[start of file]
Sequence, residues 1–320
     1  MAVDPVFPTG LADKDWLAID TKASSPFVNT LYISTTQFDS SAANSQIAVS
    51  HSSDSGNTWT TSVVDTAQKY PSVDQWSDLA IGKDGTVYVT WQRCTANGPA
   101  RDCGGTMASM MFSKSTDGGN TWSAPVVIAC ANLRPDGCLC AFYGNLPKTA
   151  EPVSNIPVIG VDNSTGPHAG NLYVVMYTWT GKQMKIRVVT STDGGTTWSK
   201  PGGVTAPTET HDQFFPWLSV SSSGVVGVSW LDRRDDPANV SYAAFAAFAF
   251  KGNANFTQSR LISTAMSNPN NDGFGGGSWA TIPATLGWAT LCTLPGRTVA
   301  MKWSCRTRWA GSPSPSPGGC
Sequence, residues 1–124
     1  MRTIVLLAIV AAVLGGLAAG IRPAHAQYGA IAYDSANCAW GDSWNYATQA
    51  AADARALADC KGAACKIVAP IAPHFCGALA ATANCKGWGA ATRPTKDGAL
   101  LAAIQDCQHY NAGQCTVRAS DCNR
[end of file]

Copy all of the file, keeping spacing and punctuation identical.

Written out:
Sequence, residues 1–320
     1  MAVDPVFPTG LADKDWLAID TKASSPFVNT LYISTTQFDS SAANSQIAVS
    51  HSSDSGNTWT TSVVDTAQKY PSVDQWSDLA IGKDGTVYVT WQRCTANGPA
   101  RDCGGTMASM MFSKSTDGGN TWSAPVVIAC ANLRPDGCLC AFYGNLPKTA
   151  EPVSNIPVIG VDNSTGPHAG NLYVVMYTWT GKQMKIRVVT STDGGTTWSK
   201  PGGVTAPTET HDQFFPWLSV SSSGVVGVSW LDRRDDPANV SYAAFAAFAF
   251  KGNANFTQSR LISTAMSNPN NDGFGGGSWA TIPATLGWAT LCTLPGRTVA
   301  MKWSCRTRWA GSPSPSPGGC
Sequence, residues 1–124
     1  MRTIVLLAIV AAVLGGLAAG IRPAHAQYGA IAYDSANCAW GDSWNYATQA
    51  AADARALADC KGAACKIVAP IAPHFCGALA ATANCKGWGA ATRPTKDGAL
   101  LAAIQDCQHY NAGQCTVRAS DCNR